To see the effect of dehydration process on the dissolution of ulexite, some experiments were carried out by using the calcined samples at dehydration temperatures of 100, 120, 140, 150, 160, 180, 200 and 250 °C. In these tests, the values of the solution concentration, stirring speed, solid-to-liquid ratio, and reaction temperature were chosen to be 1 mol·L−1, 400 rpm, 2/200 g·mL−1, and 30 °C, respectively. The results obtained these tests were plotted in Fig. 6. It can be seen from Fig. 6 that the dissolution rate of ulexite increased with increasing dehydration temperature up to 150 °C. It was observed that the conversion fraction of the calcined material decreased further increasing the dehydration temperature above 150 °C. This decrement can be attributed to the sintering of the particles with increasing dehydration temperature. Ulexite mineral loses more crystalline water at higher temperatures during the calcination process, and consequently the porosity of material can rise. At temperatures higher than 150 °C, the porosity of calcined ulexite can diminish due to sintering of particles. The sintering degree of particles may increase with increasing dehydration temperature. Therefore, it can be said that there is a relation between particle porosity and dissolution rate. It can be observed from Fig. 5 above that micro-cracks and openings in the calcined ulexite sample at 150 °C arise. These gaps allow the leaching reagent to penetrate the calcined ulexite more easily, and so the dissolution rate of mineral increases. Due to the sintering of the particles at a dehydration temperature of 200 °C, it can be seen that the cracks closed partially. The fluid reactant cannot easily penetrate inwards the solid matrix by decreasing of pores, and the dissolution rate of the calcined ulexite decrease. Also, a test result performed using uncalcined ulexite was given in Fig. 6. It appears that it needs a longer reaction time to reach high conversion values for uncalcined sample. Thus, it is clearly understood that the dehydration process has significant effect on the dissolution of ulexite mineral. All further dissolution experiments were performed using the calcined samples at 150 °C.

Figure 6. Effect of dehydration temperature on the dissolution rate of calcined ulexite.

 

The effect of ammonium sulfate concentration on the dissolution rate of calcined ulexite was studied at the concentrations of 0.10, 0.25, 0.50 and 1.00 mol·L−1, while a solid-to-liquid ratio of 2/200 g·mL−1, a stirring speed of 400 rpm and a reaction temperature of 30 °C were kept constant. The results obtained are presented in Fig. 7. It can be seen from Fig. 7 that the dissolution rate enhanced when the solution concentration increased from 0.10 to 1.00 mol·L−1. When ammonium sulfate ionizes in aqueous media, it provides ammonium ions according to Eq. 2, which contribute hydronium ions required for the dissolution of ulexite (in Eq. 3). Ulexite is a basic mineral, and hydronium ions are essentially responsible from dissolution of a basic mineral. Hydronium ion concentration increases with an increase in the concentration of ammonium sulfate. Thus, the dissolution rate of calcined sample increases with increasing concentration of solution.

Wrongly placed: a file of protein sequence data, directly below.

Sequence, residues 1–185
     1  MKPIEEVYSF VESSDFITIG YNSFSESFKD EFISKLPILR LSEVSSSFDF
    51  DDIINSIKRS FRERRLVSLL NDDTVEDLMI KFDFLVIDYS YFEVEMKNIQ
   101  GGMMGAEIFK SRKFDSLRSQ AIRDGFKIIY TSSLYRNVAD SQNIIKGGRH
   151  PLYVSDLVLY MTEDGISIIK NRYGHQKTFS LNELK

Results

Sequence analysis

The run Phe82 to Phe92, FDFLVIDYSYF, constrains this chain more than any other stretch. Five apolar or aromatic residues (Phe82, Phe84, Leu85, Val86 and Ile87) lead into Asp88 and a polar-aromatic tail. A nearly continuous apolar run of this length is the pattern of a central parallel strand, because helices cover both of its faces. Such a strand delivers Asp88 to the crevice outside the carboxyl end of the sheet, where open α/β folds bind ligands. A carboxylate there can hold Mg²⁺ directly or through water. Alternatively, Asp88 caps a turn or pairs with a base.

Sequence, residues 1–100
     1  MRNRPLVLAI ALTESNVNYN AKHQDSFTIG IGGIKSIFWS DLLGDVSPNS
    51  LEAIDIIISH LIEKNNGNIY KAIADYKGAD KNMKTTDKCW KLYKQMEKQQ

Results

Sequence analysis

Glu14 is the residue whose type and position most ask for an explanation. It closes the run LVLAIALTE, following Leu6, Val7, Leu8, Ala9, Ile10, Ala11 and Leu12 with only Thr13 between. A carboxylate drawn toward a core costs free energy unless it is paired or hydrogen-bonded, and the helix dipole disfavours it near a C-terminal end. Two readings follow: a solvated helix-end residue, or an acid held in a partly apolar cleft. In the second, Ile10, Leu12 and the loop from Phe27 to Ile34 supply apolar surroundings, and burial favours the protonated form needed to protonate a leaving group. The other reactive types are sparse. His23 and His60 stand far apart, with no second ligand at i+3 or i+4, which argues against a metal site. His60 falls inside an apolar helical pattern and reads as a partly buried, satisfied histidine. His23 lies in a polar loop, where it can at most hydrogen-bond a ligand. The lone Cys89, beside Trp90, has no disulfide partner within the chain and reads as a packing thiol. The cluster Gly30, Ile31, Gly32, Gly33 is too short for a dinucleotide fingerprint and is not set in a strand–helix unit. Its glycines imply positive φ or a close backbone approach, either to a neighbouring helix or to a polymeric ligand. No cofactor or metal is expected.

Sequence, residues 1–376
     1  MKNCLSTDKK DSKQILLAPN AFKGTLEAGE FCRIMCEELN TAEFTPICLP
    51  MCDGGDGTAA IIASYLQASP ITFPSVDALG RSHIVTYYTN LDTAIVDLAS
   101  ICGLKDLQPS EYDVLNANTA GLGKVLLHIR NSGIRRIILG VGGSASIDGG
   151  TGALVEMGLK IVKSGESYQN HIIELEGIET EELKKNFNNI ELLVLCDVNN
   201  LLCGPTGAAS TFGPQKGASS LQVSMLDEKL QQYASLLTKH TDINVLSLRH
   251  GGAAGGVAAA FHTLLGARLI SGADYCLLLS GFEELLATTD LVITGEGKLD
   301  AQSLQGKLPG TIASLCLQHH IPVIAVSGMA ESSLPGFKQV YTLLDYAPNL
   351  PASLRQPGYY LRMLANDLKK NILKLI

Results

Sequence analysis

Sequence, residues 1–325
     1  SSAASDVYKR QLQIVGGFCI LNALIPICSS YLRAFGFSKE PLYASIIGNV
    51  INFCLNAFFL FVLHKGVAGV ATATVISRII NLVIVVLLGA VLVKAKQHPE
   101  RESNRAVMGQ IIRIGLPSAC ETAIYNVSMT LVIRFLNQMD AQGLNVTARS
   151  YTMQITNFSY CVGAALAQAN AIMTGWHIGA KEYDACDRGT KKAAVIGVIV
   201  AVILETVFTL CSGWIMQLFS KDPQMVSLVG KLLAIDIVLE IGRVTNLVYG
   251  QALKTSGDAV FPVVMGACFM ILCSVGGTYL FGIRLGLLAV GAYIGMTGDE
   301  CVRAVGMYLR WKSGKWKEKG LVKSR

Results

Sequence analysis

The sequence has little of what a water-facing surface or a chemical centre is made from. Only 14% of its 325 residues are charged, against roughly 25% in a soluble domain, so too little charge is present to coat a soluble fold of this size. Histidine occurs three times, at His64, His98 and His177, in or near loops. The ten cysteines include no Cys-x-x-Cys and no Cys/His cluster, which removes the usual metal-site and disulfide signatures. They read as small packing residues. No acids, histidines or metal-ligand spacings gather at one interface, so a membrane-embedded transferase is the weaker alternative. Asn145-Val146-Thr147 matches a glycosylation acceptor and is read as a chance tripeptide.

Figure 7. Effect of solution concentration on the dissolution of the calcined ulexite.

 

The diffusion through the boundary layer of the leach reagent toward the external surface of the particles can be facilitated by means of the agitation of solution. Thus, the dissolution rate can increase with an increase in stirring speed. The effect of stirring speed on the dissolution rate of ulexite was examined in the stirring speeds of 200, 300, 400, and 500 rpm. During these experiments, the solution concentration, solid-to-liquid ratio and reaction temperature were kept constant at 1 mol·L−1, 2/200 g·mL−1, and 30 °C, respectively. Fig. 8 illustrates the effect of stirring speed on the dissolution process. It can be concluded that the stirring speed has little effect on the dissolution rate.

Figure 8. Effect of stirring speed on dissolution of calcined ulexite.

 

To observe the effect of the solid-to-liquid ratio on the dissolution rate, the experiments were carried out at four different solid-to-liquid ratios in the range of 0.5/200–4/200 g·mL−1. In these experiments, the values of solution concentration, stirring speed, and reaction temperature were kept constant at 1 mol·L−1, 400 rpm, and 30 °C, respectively. According to results shown in Fig. 9, the dissolution rate decreased as the solid-to-liquid ratio raised. Because the amount of solid per amount of fluid reactant will increase with increasing solid-to-liquid ratio, the decrease in the leaching rate can be an expected result.

Figure 9. Effect of solid-to-liquid ratio on dissolution of calcined ulexite.